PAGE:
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Peak milk, intake and body weight: How curvy is your cow? Part Two

Progressive Dairyman Editor Lynn Jaynes Published on 20 June 2014

Curvy Cow

See "Peak milk, intake and body weight: How curvy is your cow? Part One" to learn more about your cow's curves.



As your dairy herd moves through the lactation, body weight and feed intake curves discussed in Part One, Dr. Mike Hutjens, extension dairy specialist with the University of Illinois, offers these feeding guidelines.

The following are highlights pulled from his full list of feeding recommendations.

Phase 1, far-off dry cows:

  • 12 to 13 percent crude protein
  • 60 to 80 grams of calcium (lower 15 percent for Jersey cows)
  • 30 to 40 grams of phosphorous (lower 15 percent for Jersey cows)
  • Limit salt intake to one ounce
  • Force feed trace minerals and vitamins
  • Provide one-third of the ration dry matter as corn silage

Phase 2, close-up dry cows:

  • Increase grain to 5 to 8 pounds of dry matter (DM)
  • Increase crude protein to 15 to 16 percent using undegraded intake protein (UIP) sources
  • Limit added fat to one-fourth to one-third pound per day
  • Maintain 5 to 8 pounds of long forage
  • Consider feeding 7 to 10 pounds DM from the high group TMR (contains UIP, fat, grain and higher quality forages) plus the close-up dry cow grain mix and long forage
  • Reduce supplemental sodium
  • Add anionic salts to prevent low blood calcium
  • Add yeast culture (10 to 120 grams per day depend on the product selected)
  • Drench with propylene glycol (300 to 500 ml) before calving or feed calcium propionate (one-third pound) if subclinical ketosis is occurring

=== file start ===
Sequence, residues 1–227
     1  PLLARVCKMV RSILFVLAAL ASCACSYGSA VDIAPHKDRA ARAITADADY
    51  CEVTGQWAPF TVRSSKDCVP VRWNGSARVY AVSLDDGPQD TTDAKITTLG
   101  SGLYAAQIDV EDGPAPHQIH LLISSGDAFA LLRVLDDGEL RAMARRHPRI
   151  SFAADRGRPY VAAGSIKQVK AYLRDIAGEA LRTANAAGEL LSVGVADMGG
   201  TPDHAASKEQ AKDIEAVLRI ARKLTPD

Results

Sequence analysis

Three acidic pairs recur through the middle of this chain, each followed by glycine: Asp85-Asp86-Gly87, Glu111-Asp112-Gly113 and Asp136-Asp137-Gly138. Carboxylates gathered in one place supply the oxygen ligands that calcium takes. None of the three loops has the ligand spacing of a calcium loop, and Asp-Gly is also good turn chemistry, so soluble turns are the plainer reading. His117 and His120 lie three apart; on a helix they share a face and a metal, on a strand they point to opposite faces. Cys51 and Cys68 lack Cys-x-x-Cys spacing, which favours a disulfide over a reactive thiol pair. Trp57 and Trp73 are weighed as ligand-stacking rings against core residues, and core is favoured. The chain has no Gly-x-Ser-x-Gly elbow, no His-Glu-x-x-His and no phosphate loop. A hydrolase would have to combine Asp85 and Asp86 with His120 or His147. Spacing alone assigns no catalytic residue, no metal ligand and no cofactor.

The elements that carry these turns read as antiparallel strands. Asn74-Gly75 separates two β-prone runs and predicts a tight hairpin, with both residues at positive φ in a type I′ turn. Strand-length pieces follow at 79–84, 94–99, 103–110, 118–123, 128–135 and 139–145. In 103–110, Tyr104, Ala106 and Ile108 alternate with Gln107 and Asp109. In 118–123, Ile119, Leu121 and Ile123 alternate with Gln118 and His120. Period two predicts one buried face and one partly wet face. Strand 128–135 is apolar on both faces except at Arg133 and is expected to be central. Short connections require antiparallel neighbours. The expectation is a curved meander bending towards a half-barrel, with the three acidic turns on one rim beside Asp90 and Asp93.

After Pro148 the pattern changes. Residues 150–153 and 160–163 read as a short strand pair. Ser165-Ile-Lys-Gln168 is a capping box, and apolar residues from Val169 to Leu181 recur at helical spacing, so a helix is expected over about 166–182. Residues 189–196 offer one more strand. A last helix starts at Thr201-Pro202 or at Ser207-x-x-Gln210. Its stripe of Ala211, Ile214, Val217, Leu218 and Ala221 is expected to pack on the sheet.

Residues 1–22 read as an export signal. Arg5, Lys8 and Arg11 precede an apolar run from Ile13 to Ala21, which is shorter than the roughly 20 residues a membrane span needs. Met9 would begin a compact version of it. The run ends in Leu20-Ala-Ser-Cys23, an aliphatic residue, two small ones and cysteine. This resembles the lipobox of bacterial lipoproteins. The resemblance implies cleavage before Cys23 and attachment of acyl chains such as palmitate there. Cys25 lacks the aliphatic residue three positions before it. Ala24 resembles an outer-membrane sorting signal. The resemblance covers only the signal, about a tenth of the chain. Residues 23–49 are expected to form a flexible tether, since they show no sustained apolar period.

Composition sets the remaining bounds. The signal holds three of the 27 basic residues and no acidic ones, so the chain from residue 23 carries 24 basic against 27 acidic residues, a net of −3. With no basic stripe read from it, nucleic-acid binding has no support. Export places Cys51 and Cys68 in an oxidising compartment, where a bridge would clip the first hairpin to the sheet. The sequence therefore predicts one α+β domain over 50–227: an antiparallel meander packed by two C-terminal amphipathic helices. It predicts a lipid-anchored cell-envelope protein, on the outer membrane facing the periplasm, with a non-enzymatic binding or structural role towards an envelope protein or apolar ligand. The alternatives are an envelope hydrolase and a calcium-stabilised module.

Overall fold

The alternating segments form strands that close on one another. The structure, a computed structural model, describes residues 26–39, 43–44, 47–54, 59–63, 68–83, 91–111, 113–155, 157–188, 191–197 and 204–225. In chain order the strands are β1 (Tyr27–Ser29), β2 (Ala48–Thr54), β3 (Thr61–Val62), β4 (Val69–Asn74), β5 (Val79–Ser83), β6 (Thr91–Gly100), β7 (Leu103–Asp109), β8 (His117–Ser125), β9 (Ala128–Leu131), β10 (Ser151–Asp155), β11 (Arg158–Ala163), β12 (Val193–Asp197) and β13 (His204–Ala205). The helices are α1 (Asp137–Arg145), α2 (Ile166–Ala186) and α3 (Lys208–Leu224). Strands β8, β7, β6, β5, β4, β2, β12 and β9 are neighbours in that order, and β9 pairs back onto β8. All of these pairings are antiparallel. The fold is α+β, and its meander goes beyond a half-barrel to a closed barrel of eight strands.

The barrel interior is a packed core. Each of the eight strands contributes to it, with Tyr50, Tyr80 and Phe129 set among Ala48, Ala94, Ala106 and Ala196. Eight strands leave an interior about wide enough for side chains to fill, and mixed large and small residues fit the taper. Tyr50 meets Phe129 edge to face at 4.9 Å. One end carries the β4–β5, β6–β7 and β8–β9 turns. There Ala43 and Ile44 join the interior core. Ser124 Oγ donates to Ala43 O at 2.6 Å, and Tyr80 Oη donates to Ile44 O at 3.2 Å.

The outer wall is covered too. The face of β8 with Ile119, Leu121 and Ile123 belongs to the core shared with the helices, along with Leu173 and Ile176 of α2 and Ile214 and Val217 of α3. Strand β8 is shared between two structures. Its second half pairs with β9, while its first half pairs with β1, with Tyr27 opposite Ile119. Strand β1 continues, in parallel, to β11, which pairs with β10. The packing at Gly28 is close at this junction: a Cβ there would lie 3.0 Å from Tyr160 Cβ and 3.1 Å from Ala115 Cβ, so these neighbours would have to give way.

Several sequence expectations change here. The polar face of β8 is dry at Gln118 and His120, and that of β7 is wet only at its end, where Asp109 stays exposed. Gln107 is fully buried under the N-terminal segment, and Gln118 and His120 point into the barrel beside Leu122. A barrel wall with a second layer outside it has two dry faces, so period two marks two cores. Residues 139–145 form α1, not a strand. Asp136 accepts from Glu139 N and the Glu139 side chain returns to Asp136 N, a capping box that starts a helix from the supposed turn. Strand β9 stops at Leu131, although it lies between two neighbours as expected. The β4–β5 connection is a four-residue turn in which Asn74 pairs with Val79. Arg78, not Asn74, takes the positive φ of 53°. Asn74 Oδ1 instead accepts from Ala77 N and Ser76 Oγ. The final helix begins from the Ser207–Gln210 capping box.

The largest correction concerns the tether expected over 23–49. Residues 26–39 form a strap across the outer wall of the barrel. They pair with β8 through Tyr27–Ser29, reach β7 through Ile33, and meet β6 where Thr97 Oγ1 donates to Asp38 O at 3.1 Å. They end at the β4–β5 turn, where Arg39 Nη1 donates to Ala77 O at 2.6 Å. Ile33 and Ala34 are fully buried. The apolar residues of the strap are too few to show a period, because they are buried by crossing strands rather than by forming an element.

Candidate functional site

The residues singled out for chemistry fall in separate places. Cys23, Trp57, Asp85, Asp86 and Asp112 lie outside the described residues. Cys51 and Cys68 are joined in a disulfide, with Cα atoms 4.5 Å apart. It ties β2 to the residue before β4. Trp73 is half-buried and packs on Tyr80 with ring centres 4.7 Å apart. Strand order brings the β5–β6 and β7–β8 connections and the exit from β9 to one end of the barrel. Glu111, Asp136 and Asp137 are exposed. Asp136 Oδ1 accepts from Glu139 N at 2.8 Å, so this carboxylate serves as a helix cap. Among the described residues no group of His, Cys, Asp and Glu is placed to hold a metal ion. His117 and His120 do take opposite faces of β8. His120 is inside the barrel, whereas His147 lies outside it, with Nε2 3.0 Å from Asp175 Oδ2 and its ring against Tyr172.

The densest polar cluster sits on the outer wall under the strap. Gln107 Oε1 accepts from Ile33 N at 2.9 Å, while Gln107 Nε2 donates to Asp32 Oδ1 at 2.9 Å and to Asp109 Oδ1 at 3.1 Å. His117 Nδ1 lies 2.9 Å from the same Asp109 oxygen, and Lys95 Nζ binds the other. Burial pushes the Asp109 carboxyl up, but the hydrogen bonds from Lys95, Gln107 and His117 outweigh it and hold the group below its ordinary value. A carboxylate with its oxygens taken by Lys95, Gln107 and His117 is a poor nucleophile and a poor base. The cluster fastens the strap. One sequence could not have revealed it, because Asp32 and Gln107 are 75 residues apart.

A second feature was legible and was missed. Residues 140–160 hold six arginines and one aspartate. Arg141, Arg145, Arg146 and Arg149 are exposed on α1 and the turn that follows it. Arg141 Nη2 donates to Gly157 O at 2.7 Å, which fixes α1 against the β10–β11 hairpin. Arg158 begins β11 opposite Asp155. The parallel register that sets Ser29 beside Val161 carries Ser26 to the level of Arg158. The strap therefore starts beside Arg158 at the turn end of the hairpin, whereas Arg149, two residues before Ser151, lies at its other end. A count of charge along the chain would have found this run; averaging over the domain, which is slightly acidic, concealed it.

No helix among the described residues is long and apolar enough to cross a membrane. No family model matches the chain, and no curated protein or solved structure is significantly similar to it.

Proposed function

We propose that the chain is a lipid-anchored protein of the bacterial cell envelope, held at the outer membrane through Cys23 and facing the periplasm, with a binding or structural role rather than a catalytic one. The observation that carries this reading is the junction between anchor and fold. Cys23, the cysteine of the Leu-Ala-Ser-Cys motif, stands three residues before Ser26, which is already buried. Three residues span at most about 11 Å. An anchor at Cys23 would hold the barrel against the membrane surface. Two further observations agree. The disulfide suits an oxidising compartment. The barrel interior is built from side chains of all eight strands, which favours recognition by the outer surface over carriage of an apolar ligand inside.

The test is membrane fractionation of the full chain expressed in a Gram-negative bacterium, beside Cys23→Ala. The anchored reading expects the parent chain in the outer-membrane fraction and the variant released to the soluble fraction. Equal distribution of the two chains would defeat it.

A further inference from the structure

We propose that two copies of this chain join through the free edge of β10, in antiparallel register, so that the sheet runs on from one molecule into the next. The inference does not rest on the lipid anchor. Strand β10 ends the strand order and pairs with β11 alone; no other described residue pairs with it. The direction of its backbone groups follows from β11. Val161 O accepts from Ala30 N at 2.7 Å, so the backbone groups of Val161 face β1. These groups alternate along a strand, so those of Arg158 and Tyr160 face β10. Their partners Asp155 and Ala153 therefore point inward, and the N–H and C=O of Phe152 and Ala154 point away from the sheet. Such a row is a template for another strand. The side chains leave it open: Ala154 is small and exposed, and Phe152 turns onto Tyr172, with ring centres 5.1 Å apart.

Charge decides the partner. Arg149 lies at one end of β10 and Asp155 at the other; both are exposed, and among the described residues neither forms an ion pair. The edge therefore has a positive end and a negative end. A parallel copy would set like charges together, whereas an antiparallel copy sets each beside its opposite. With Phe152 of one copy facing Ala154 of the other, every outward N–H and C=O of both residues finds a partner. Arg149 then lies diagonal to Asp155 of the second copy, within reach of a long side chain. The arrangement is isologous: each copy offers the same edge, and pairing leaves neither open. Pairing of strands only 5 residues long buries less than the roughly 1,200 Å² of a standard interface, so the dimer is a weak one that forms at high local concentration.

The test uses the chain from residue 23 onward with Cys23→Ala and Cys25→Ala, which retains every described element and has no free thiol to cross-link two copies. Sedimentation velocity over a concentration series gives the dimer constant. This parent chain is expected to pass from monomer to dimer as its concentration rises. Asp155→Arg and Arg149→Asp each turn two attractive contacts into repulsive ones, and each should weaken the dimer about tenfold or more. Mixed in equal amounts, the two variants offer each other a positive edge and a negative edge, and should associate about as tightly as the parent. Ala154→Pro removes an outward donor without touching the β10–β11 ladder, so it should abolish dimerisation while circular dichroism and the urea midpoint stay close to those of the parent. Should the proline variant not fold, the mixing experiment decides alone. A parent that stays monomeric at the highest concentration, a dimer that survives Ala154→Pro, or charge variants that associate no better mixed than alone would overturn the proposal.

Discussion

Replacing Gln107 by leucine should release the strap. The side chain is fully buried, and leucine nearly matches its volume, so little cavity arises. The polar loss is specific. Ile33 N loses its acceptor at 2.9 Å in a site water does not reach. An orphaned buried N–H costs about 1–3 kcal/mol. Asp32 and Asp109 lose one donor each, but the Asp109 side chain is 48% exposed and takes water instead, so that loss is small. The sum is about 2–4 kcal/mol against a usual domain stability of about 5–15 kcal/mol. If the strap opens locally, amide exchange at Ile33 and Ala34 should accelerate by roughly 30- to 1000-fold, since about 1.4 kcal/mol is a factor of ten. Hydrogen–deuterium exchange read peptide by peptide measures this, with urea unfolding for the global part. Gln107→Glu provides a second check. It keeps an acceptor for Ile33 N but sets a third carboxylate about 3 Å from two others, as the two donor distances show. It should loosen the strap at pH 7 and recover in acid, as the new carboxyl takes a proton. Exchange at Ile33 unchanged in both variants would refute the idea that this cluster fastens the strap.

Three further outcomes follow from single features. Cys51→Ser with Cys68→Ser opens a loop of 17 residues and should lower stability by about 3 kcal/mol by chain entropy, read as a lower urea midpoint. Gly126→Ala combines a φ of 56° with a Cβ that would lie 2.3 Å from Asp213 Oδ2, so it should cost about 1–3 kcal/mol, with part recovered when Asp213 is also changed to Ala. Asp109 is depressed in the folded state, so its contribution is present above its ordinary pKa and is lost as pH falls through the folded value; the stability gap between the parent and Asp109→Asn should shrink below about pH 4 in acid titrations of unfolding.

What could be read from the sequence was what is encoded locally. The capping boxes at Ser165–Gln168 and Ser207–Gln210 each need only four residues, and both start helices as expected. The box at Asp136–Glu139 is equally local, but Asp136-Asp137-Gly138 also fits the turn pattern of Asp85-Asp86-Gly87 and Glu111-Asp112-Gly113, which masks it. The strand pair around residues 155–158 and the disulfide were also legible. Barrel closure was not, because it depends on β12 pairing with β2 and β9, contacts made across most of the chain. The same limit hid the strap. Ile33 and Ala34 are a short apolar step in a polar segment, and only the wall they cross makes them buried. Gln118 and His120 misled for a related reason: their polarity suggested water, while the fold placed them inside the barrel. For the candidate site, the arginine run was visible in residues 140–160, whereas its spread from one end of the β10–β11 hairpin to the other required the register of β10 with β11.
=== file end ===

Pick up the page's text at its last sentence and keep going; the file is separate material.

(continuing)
Phase 3, fresh cows:


  • Feed 3 to 5 pounds of high-quality long forage to maintain rumen function
  • Consider a fresh cow top dress mixture that contains undegraded protein and digestible fiber (such as soy hulls or citrus pulp) as an energy source
  • Increase the ration nutrient concentration to adjust for lower feed intakes
  • Supplement yeast culture to stimulate fiber digesting bacteria
  • Adding a buffer pack can stabilize rumen pH
  • Add propylene glycol (300 to 500 mg) or calcium propionate (one-third pound) to raise blood glucose

Phase 4, early lactation:

  • Feed high quality forage to improve dry matter intake (DMI)
  • Provide sources of undegraded intake protein to meet lysine and methionine needs
  • Increase grain energy gradually (maximum of 1 pound per day)
  • Limit the amount of supplemental fat to 1 pound per day
  • Allow for adequate feed bunk space

Phase 5, mid lactation:

  • Optimize DMI
  • Begin replacing lost body condition
  • Raise supplemental fat to desired levels
  • Review the need for feed additives

Phase 6, late lactation:

  • Increase the proportion of forages in the ration
  • Supplemental sources of undegraded protein can be reduced
  • Remove supplemental fat sources
  • Eliminate feed additives
  • Replace lost body condition
  • Target body condition scores of 3.25 to 3.5 at dry-off time
  • Reduce feed costs per cow per day PD